Born 1917 in Kansas.

African American poet whose work typically gives voice to the everyday struggles and triumphs of being an urban Black American. She has a unique talent for making ordinary lives seem extraordinary and colorful. Brooks was the first American poet to win the Pulitzer Prize (for Annie Allen) and once served as poet laureate of Illinois.

Her other titles include:

A Street in Bronzeville (1945)
Maud Martha (novel, 1953)
Bronzeville Boys and Girls (children's book, 1956)
The Bean Eaters (1960)
Selected Poems (1963)
In the Mecca (1968)
Report from Part One (memoir, 1972)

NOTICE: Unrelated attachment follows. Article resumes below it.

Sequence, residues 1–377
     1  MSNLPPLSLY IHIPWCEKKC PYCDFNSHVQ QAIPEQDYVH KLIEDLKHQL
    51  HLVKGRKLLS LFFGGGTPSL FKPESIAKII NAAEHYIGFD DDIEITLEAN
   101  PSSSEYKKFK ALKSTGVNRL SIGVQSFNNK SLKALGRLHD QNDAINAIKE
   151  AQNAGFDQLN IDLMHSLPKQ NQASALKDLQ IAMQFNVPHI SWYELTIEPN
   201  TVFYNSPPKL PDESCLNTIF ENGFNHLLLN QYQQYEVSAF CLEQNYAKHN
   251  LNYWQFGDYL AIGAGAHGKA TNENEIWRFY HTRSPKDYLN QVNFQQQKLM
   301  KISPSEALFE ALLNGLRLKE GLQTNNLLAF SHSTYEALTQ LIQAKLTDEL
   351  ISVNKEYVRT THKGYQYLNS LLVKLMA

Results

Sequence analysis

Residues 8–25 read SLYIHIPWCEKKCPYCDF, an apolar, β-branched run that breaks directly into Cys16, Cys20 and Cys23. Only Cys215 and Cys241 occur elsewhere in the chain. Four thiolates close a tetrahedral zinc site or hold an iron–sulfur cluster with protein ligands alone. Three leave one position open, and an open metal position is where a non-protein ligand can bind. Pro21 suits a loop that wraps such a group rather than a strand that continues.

Primer for Blacks (1980)
Young Poet's Primer (1980)
To Disembark (1981)
The Near-Johannesburg Boy, and Other Poems (1986)
Blacks (1987)
Winnie (1988)
and Children Coming Home (1991)
Report from Part Two (memoir, 1996)

Gwendolyn Brooks died Sunday, December 3, 2000, about a week after being diagnosed with cancer. She lived in the same South Chicago apartment she shared with her husband (since 1938) Henry Blakely, and that's where she died, "pen in hand, surrounded by verse and people she loved," according to the Chicago Tribune.

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